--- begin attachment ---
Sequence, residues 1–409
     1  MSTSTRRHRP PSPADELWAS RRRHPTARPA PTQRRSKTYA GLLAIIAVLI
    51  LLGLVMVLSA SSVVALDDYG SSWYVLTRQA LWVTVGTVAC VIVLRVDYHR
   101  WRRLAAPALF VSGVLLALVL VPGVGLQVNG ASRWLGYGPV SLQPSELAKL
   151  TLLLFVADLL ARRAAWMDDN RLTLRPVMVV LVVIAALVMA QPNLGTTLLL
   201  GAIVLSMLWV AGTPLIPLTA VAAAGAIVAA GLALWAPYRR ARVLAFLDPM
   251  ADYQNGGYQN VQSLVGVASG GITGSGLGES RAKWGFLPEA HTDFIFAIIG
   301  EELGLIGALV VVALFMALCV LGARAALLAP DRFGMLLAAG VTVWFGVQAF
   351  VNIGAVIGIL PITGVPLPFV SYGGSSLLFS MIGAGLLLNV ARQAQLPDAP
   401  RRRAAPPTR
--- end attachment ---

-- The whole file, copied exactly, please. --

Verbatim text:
Sequence, residues 1–409
     1  MSTSTRRHRP PSPADELWAS RRRHPTARPA PTQRRSKTYA GLLAIIAVLI
    51  LLGLVMVLSA SSVVALDDYG SSWYVLTRQA LWVTVGTVAC VIVLRVDYHR
   101  WRRLAAPALF VSGVLLALVL VPGVGLQVNG ASRWLGYGPV SLQPSELAKL
   151  TLLLFVADLL ARRAAWMDDN RLTLRPVMVV LVVIAALVMA QPNLGTTLLL
   201  GAIVLSMLWV AGTPLIPLTA VAAAGAIVAA GLALWAPYRR ARVLAFLDPM
   251  ADYQNGGYQN VQSLVGVASG GITGSGLGES RAKWGFLPEA HTDFIFAIIG
   301  EELGLIGALV VVALFMALCV LGARAALLAP DRFGMLLAAG VTVWFGVQAF
   351  VNIGAVIGIL PITGVPLPFV SYGGSSLLFS MIGAGLLLNV ARQAQLPDAP
   401  RRRAAPPTR